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For Centerra Gold, this and other similar tangled legal fights are another headache as it tries to renegotiate the ownership structure of its Kumtor gold mine in Kyrgyzstan.


Valeri Belokon, a Latvian business mogul with interests in banking, newspapers and the English soccer team Blackpool FC, is locked in a legal battle with the government of the former Soviet republic of Kyrgyzstan – a battle that is set to partly play out in Toronto courtrooms.

Lawyers for Mr. Belokon, 55, who counts Prince Charles among his business partners, filed an action earlier this year in the Ontario Superior Court to try to seize shares in Toronto-based Centerra Gold Inc., which operates a massive gold mine in the mountains of Kyrgyzstan.

In September, an Ontario Superior Court judge issued a freeze order on Centerra shares and dividends worth $25-million owing to or held by a Kyrgyzstani state-owned company, pending the final outcome of Mr. Belokon's case.

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It is just one of a series of four court battles in Ontario in which Centerra is caught in the crossfire with various litigants who claim Kyrgyzstan owes them compensation and are seeking to get their hands on Centerra shares, which appear to be one of the former Soviet republic's few assets outside its borders.

However, in each case, a key legal question that remains unanswered is whether courts in Ontario will deem those shares Kyrgyzstani government property, as they are owned indirectly by a state-owned company called Kyrgyzaltyn JSC.

Mr. Belokon's trouble in Kyrgyzstan started in 2010, when an uprising swept president Kurmanbek Bakiyev from power. Mr. Belokon, said to be close to Mr. Bakiyev's son Maxim, had purchased a bank in Bishkek in 2007, renaming it Manas Bank.

But after the April, 2010, revolution, the elder Mr. Bakiyev sought refuge in Belarus and his son was forced to flee to Britain. Newly installed Kyrgyzstani authorities ordered the seizure of many of the country's banks, including Manas. They launched an investigation into alleged money laundering and other alleged improprieties. But Kyrgyzstani courts have previously rejected the allegations, and Mr. Belokon has not been convicted of any crime.

In 2011, Mr. Belokon, who denies the allegations of wrongdoing, demanded compensation for the bank seizure before an arbitration panel in Paris under the terms of an investment treaty signed by Latvia and Kyrgyzstan. In a ruling issued in October, 2014, the panel ordered Kyrgyzstan to pay him about $25-million in compensation, rejecting the money laundering allegations for lack of any evidence. Kyrgyzstan is appealing that ruling in Paris.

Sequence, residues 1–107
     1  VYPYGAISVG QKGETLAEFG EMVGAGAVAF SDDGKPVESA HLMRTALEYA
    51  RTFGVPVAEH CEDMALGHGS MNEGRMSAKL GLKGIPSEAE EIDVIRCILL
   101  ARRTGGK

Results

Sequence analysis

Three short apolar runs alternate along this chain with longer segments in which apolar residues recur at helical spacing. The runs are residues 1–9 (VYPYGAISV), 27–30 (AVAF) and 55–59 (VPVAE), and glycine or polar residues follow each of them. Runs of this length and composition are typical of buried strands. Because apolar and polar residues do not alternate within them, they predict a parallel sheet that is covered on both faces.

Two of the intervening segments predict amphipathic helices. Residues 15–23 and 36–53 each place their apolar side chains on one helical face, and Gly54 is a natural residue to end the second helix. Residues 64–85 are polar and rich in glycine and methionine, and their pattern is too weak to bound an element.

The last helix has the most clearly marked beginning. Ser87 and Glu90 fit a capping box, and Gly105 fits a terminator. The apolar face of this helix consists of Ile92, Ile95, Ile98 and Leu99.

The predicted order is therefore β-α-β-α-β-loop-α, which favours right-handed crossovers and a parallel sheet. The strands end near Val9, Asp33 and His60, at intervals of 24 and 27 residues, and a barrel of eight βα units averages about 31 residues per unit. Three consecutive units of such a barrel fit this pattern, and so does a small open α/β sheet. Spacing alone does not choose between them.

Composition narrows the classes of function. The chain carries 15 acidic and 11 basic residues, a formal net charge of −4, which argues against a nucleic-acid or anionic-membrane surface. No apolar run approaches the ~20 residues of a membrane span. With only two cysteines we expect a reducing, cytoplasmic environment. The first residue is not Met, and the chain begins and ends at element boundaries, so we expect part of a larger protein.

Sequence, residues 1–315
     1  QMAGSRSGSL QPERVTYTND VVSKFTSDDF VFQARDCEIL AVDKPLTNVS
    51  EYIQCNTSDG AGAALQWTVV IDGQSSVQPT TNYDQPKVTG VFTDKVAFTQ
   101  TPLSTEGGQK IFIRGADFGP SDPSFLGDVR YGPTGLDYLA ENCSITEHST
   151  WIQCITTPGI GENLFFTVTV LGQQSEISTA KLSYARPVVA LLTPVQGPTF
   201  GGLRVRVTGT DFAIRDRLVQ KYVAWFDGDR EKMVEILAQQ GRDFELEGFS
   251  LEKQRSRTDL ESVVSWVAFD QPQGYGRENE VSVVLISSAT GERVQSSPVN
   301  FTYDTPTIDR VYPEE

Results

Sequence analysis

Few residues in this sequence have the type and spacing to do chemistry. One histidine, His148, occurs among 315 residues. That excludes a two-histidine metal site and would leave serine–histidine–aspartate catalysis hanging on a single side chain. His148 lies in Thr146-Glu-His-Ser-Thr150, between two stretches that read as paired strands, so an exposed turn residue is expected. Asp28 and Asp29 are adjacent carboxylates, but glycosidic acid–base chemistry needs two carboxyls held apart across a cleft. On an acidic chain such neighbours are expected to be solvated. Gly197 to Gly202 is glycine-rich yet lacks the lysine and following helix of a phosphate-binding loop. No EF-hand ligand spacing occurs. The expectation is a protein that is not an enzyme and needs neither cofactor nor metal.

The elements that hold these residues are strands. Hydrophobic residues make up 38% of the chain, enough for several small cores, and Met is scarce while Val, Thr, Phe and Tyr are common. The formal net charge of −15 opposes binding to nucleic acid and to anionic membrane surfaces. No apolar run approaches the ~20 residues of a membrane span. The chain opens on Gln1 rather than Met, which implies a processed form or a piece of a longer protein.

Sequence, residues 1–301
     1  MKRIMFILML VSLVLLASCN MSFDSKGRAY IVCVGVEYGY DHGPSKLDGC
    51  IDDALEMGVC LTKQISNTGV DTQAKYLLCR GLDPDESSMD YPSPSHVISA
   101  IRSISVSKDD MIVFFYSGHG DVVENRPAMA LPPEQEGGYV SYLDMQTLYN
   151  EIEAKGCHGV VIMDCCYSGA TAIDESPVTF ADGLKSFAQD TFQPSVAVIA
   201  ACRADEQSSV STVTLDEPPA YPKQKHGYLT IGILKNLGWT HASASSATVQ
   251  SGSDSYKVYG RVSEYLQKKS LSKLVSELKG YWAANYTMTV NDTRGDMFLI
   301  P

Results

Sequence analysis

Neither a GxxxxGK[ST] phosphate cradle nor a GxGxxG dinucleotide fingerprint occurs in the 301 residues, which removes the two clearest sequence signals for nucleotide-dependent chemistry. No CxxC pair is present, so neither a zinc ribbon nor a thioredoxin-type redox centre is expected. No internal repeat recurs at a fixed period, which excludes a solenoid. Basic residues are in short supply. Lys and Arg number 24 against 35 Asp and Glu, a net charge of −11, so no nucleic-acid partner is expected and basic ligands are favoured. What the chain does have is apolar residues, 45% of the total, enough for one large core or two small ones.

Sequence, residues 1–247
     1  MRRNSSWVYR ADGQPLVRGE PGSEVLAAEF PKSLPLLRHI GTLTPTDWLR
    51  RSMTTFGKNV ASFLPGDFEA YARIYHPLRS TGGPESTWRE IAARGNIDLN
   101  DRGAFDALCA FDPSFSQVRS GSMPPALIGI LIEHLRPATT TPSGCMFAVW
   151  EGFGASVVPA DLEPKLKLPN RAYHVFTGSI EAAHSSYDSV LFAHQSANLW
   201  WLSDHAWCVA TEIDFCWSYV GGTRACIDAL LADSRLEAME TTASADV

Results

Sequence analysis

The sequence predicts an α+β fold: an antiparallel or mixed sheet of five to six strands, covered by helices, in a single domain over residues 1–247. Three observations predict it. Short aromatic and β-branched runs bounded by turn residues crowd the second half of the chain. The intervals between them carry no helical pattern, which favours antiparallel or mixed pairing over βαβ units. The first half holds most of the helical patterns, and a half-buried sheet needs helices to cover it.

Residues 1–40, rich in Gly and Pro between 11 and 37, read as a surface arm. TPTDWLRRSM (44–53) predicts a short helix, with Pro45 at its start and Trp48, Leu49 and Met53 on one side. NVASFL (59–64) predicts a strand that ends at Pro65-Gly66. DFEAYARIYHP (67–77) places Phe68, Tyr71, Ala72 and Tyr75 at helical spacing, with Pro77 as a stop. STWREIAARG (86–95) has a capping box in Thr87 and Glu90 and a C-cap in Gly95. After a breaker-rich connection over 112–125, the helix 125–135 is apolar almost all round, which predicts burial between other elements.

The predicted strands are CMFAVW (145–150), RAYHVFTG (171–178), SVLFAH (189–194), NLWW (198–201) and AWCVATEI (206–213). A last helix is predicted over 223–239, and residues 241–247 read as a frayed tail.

Earlier this year, Mr. Belokon filed a claim in Ontario Superior Court, seeking to freeze some of Centerra's shares. Canadian lawyers acting for Kyrgyzstan tried to block Mr. Belokon's move, filing court documents outlining Kyrgyzstan's money laundering allegations. But in September, Ontario Superior Court Justice Wendy Matheson agreed to strike out an affidavit filed by a Kyrgyzstani official investigating the bank, calling it "irrelevant," "clearly scandalous" and an attempt to "repackage" Kyrgyzstan's failed defence in Paris.

For Centerra, this and the other similar tangled legal fights are another headache as it tries to renegotiate the ownership structure of its Kumtor gold mine in Kyrgyzstan, where the company has faced protests, allegations of environmental wrongdoing and threats of nationalization.

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In July, a former Centerra chief executive officer, Len Homeniuk, was detained in Bulgaria at the behest of Kyrgyzstan, which accused him of corruption for transactions dating back to 2003. He alleged the arrest was nothing more than a pressure tactic, and Bulgaria later refused to extradite him, setting him free last month.

Centerra says it is eager to restart talks with Kyrgyzstan's newly elected coalition government, which took power after a vote last month. Kyrgyzstan wants a larger share in the mine, its single largest taxpayer, and the two sides had previously tentatively agreed to a proposal that would see the mine owned by a joint venture that is half-owned by Kyrgyzstan.

But this restructuring plan would require Kyrgyzstan to hand over its current one-third share in the Toronto-listed company to Centerra, something made impossible by court orders freezing those shares.

"It's a matter of discussion ... that we have with the Kyrgyz," John Pearson, Centerra's vice-president for investor relations, said in an interview. "That's the complicating factor."

It's not Mr. Belokon's only court battle. The Riga-based tycoon, whose Baltic International Bank counted the late Russian oligarch Boris Berezovsky among its clients, also recently announced he was filing litigation against his fellow co-owners of Blackpool FC.

Mr. Belokon, who holds a 20-per-cent stake in the soccer club, filed a claim in September alleging that co-owners Karl and Owen Oyston, a father and son, improperly transferred soccer club cash to their own companies. The allegations have not been proven.

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